Correlational finding on Happiness and subject: Security of job

StudyGreen & Heywood (2011): study GB 1999
TitleFlexible Contract and Subjective Wellbeing.
SourceEconomic Inquiry, 2011, Vol. 49, 716 - 729
URLhttp://www.researchgate.net/profile/John_Heywood/publication/227346218_FLEXIBLE_CONTRACTS_AND_SUBJECTIVE_WELLBEING/links/0046351a5dfc82a60e000000.pdf
DOIdoi:10.1111/j.1465-7295.2010.00291.x
Public20-65 aged employees, United Kingdom, 1999-2004
SampleProbability sample (unspecified)
Non-Response
Respondents N =30700

Correlate
Author's labelFlexible contract
Page in Source 720,726
Our classificationSecurity of job
Operationalization
1: Flexible contracts:
    a  fixed term contract
    b  agency work
    c  other flexible contract
0 Permanent contract

Observed Relation with Happiness
Happiness
Measure
StatisticsElaboration/Remarks
O-SLW-u-sq-n-7-eOPRC=+.15 ns
Males: Fixed term contract
O-SLW-u-sq-n-7-eOPRC=+.22 ns
Males: Agency work
O-SLW-u-sq-n-7-eOLRC=-.13 ns
Males: Other flexible contracts
O-SLW-u-sq-n-7-eOPRC=+.11 ns
Females: Fixed term contract (vs Permanent)
O-SLW-u-sq-n-7-eOPRC=+.00 ns
Females: Agency work
O-SLW-u-sq-n-7-eOPRC=-.21 ns
Females: Other flex contracts

OPRC controlled for:
- Personal characteristics:
  - Age
  - Marital status
  - Presence of a dependent child
  - Education level
- Job characteristics:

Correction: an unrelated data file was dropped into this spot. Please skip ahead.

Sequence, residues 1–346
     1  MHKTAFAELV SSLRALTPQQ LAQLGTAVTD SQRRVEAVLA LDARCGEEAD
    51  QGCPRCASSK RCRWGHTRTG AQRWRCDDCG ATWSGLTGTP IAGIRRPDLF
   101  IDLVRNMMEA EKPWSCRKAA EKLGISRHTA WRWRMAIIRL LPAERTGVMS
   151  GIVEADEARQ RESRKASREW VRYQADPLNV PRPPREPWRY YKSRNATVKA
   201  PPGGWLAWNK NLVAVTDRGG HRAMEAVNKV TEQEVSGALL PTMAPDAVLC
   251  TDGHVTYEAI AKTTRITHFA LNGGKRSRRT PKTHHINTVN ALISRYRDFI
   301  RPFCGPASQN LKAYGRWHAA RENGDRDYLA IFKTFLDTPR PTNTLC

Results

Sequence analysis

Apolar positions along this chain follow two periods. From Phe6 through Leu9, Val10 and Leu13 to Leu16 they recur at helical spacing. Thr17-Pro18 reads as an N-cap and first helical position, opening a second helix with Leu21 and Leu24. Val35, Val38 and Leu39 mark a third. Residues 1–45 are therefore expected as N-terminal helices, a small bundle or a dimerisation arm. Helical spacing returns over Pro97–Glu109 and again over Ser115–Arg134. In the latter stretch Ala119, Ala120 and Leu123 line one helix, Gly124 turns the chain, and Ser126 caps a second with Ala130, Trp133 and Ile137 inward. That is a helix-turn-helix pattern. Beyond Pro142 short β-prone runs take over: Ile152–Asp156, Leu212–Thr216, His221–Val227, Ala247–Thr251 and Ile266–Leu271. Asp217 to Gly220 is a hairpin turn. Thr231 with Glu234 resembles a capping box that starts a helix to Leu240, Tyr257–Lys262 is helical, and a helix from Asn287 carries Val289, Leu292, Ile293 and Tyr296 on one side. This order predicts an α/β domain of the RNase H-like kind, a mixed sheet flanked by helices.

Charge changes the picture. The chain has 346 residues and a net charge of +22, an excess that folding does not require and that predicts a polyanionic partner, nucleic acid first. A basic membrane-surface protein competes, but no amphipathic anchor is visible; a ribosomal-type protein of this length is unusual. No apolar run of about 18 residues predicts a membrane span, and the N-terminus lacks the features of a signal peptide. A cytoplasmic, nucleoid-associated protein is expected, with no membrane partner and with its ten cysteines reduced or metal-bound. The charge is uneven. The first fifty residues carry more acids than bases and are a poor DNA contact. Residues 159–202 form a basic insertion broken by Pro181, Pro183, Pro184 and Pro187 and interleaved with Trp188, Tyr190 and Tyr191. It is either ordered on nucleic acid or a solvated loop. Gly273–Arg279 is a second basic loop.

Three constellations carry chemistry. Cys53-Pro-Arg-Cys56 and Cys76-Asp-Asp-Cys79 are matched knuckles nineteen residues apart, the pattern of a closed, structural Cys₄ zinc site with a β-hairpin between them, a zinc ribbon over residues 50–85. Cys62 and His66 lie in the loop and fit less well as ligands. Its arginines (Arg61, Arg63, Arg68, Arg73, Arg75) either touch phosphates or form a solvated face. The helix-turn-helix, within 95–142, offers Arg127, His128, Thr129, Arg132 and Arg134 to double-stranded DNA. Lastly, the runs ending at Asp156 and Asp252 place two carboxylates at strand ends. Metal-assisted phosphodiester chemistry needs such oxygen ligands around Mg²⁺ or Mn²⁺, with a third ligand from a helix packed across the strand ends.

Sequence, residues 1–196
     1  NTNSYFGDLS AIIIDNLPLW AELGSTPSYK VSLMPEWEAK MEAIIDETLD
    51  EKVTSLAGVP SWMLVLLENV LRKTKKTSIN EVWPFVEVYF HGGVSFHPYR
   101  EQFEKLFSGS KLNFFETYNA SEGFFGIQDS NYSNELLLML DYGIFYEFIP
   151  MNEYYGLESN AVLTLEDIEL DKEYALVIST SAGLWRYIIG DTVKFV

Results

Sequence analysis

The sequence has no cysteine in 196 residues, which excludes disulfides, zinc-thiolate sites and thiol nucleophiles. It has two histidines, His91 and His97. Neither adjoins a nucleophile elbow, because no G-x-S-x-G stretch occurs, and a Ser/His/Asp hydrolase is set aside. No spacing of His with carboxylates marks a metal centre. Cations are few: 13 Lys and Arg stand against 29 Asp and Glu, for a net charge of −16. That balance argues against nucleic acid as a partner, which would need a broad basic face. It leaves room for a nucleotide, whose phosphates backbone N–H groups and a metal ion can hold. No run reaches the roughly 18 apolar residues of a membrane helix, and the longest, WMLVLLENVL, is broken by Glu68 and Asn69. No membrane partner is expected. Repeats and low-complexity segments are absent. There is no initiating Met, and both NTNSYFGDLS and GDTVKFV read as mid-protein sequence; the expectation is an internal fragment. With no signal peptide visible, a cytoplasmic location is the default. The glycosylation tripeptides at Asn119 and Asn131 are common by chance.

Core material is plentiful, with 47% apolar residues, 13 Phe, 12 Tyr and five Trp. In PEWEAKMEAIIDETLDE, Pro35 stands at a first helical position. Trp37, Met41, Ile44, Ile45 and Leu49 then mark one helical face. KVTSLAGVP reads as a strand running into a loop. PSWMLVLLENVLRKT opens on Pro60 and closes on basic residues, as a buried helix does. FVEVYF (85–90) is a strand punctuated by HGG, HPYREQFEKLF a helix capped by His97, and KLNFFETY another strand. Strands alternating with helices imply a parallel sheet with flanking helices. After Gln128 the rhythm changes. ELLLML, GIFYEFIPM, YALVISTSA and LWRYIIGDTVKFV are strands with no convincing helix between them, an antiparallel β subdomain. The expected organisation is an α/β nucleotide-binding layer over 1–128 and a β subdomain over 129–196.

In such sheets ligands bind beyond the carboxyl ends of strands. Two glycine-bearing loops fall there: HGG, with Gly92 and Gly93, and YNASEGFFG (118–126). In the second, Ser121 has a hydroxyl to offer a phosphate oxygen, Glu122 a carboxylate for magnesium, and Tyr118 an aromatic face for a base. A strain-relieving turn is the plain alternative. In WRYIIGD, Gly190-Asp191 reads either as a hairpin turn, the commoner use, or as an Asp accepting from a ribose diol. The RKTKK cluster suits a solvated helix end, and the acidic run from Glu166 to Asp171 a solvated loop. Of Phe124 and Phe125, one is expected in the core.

- Tenure years
  - Usual hours
  - Usual overtime
  - Log wage
  - Union membership
  - Public sector employment
  - Firm size
  - Managerial or supervisory role
  - Employer provided pension
  - Employer provided training
  - Annual pay incremnents
  - Night and shift work
  - Flexitime
  - Annualized hours
  - Term time work only
  - Job sharing

Fixed effect analysis


Appendix 1: Happiness measures used
CodeFull Text
O-SLW-u-sq-n-7-eSelfreport on single question:

How dissatisfied or satisfied are you with your life as a whole?
1 not satisfied at all
2
3
4
5
6
7 completely satisfied


Appendix 2: Statistics used
SymbolExplanation
OLRCREGRESSION coefficient in ORDERED categorical LOGISTIC analysis.

Only the sign of the computed coefficient is informative.

Happiness is an ordered categorical variable. Higher categories correspond to being happier.

OLRC < 0 indicates that the odds of being beyond a chosen happiness category-to- be-ing at or below that category decreases when

1) the corresponding metric correlate increases
2) the corresponding category of a categorical correlate is compared to the reference category.

OLRC > 0 indicates an increase in the odds for both the above cases.
OPRCREGRESSION coefficient in ORDERED categorical PROBIT analysis.

Only the sign of the computed coefficient is informative.

Happiness is an ordered categorical variable. Higher categories correspond to being more happy.

OPRC < 0 indicates that the probability of being beyond a chosen happiness category decreases and the probability of being at or below that category increases when

1) the corresponding metric correlate increases
2) the corresponding category of a categorical correlate is compared to the reference category.

OLRC > 0 indicates that the probability of being beyond a chosen happiness category
increases and the probablity of being at or below that category decreases when

1) the corresponding metric correlate increases
2) the corresponding category of a categorical correlate is compared to the reference category.
Source:
Ruut Veenhoven, World Database of Happiness, Collection of Correlational Findings, Erasmus University Rotterdam.
https://worlddatabaseofhappiness.eur.nl